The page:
I bought a really trashy copy of Xmen Children of the Atom off of eBay out of sheer curiosity. The auction’s description indicated that the B board was bad, and had caused the previous owner’s power supply fuse to blow. WHOAH! Sounds like more than just the normal suicide issue most “dead” CPS-2 boards have. I decided to take a gamble and won the auction for a whopping $8.
Upon arrival, I opened the PCB and was greeted by an old abandoned mud-wasp nest. GROSS! I gave the PCB and shell a good bath to get all of the nest remnants off of it. At a first glance, outside of being dirty, the PCB looked to be OK. The original battery was still in place, and read 0.0v (thankfully it did not leak). Clearly this board had suicided. I decided to try out Razoola’s suicide tester in rom socket 3 (very handy). When I booted up the game, I could hear the 1st track of the audio playing (a good sign), however the diagnostics that should display were COMPLETELY blank. I had an entirely black screen.
At this point I decided it was worth while to try the decrypted Xmen program roms on my PCB, just to see if I got any signs of life out of the B board. After installing the Team Avalaunch decrypted rom set, the game would boot, eventually show the “mild animated violence screen”. After displaying that screen, the CPS2 would hang, reboot and repeat. No other sprites or text would display outside of the animated violence screen and it would not progress past that portion of the demo loop.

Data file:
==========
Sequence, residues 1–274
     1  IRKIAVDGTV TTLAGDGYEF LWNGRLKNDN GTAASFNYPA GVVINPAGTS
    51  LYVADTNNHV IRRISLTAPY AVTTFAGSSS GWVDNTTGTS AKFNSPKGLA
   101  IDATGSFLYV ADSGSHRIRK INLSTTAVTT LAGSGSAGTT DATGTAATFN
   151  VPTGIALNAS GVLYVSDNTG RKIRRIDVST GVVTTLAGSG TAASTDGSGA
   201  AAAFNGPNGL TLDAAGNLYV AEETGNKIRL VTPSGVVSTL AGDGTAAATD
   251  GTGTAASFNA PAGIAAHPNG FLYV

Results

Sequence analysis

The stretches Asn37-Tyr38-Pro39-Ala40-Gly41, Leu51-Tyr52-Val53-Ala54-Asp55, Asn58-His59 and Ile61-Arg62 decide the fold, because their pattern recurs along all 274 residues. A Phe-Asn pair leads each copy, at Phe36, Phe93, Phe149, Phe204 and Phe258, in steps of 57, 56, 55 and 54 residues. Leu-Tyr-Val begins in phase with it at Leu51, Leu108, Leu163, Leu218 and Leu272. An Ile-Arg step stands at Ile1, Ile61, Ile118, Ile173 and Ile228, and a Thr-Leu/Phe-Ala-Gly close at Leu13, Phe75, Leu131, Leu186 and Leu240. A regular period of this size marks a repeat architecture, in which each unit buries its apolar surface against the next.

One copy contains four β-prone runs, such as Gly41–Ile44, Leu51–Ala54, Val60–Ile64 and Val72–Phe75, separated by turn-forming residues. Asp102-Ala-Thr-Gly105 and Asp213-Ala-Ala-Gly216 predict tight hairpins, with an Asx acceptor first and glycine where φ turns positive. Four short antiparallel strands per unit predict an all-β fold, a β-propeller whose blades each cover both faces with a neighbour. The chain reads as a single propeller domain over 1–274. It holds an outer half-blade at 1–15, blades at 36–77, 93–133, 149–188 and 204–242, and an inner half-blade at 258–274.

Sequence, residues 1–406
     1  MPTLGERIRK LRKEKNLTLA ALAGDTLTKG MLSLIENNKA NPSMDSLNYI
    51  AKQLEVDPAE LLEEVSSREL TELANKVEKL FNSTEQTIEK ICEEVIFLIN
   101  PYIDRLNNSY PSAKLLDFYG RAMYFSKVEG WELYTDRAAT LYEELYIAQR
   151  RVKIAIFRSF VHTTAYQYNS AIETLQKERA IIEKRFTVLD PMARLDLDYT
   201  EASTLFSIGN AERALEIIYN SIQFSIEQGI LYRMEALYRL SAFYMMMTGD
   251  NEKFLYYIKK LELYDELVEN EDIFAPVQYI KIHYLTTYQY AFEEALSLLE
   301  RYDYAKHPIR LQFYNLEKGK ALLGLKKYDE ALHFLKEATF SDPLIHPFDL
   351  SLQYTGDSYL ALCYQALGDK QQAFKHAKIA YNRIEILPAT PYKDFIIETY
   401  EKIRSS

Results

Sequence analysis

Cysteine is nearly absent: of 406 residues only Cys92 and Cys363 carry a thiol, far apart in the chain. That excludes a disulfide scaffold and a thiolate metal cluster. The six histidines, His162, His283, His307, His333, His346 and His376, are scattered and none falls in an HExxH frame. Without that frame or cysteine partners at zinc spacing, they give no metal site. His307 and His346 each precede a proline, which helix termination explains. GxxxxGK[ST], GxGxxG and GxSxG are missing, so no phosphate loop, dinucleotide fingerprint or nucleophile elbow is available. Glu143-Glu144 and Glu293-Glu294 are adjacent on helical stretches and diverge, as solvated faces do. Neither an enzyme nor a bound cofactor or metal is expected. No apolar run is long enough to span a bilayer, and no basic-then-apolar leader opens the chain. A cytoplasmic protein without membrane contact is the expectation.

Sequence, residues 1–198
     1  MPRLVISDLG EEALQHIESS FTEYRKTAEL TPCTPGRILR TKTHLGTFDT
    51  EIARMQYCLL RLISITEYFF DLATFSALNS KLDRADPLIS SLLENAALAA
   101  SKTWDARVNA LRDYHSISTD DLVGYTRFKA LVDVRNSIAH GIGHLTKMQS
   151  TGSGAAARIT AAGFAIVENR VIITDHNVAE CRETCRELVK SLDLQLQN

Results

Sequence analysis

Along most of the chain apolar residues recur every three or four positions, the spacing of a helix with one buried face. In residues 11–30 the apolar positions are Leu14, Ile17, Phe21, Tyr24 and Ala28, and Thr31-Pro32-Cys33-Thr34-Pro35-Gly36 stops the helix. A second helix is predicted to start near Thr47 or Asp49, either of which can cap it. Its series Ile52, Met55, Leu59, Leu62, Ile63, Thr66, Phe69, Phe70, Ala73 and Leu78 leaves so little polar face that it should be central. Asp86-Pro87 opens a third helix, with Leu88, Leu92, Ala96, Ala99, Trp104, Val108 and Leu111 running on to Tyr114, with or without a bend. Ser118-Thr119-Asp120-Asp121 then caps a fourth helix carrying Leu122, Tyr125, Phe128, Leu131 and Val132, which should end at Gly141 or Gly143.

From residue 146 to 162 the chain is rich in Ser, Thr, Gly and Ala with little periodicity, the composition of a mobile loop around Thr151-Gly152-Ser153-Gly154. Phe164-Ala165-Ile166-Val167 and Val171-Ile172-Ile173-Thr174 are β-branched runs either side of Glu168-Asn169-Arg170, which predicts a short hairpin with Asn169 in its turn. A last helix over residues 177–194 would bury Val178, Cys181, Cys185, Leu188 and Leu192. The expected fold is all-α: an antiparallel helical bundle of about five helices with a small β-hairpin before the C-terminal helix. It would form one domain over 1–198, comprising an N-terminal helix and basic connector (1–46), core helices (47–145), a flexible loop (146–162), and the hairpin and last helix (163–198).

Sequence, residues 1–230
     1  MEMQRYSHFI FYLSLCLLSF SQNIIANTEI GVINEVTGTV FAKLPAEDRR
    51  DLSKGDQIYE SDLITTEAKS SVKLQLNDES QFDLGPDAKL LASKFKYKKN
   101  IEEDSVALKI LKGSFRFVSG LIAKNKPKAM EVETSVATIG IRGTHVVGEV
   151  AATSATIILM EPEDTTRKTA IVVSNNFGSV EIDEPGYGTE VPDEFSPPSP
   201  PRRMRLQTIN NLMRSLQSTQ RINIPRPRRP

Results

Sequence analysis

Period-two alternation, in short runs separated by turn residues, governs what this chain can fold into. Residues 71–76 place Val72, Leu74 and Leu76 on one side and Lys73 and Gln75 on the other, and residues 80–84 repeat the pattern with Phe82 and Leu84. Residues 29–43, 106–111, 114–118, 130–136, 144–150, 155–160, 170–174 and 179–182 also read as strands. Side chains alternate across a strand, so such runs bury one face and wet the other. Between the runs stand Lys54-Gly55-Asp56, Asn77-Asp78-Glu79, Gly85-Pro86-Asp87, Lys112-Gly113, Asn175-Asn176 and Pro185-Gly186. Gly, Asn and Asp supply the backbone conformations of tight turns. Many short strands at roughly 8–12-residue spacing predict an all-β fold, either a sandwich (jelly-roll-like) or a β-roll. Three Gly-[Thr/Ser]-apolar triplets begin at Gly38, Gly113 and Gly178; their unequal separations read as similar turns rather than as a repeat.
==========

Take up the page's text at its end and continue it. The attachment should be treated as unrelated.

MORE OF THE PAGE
I took the board into direct sunlight to see if I could find any discreetly burned components. Sure enough, the diode at position D1 was burned clear in half. Replacing it did not have any effect on my symptoms, however it did give me a clue that a major power fault had occurred on the board. Previous experience with the CPS2 told me that the issue was more than likely due to a bad custom capcom IC. Also from previous experimenting and experience, I know the custom Capcom IC DL 1927 (CGA) at position 7M is partially responsible for graphics generation. Since that was pretty close to the burned diode, this became my prime suspect.
I pulled a parts CPS2 B board out, and decided to attempt swapping the QFP120 DL 1927 IC.
MUCH to my surprise, after swapping the IC and verifying there were no bridges or floating pins, Xmen fired RIGHT UP. All graphics restored. Not bad for an $8 eBay pickup 🙂
In retrospect, I think the original owner may have put the Jamma edge connector on slightly misaligned, and sent 12v down the 5v power rail, taking out diode D1 and the QFP at 7M. Another great Capcom game has been preserved!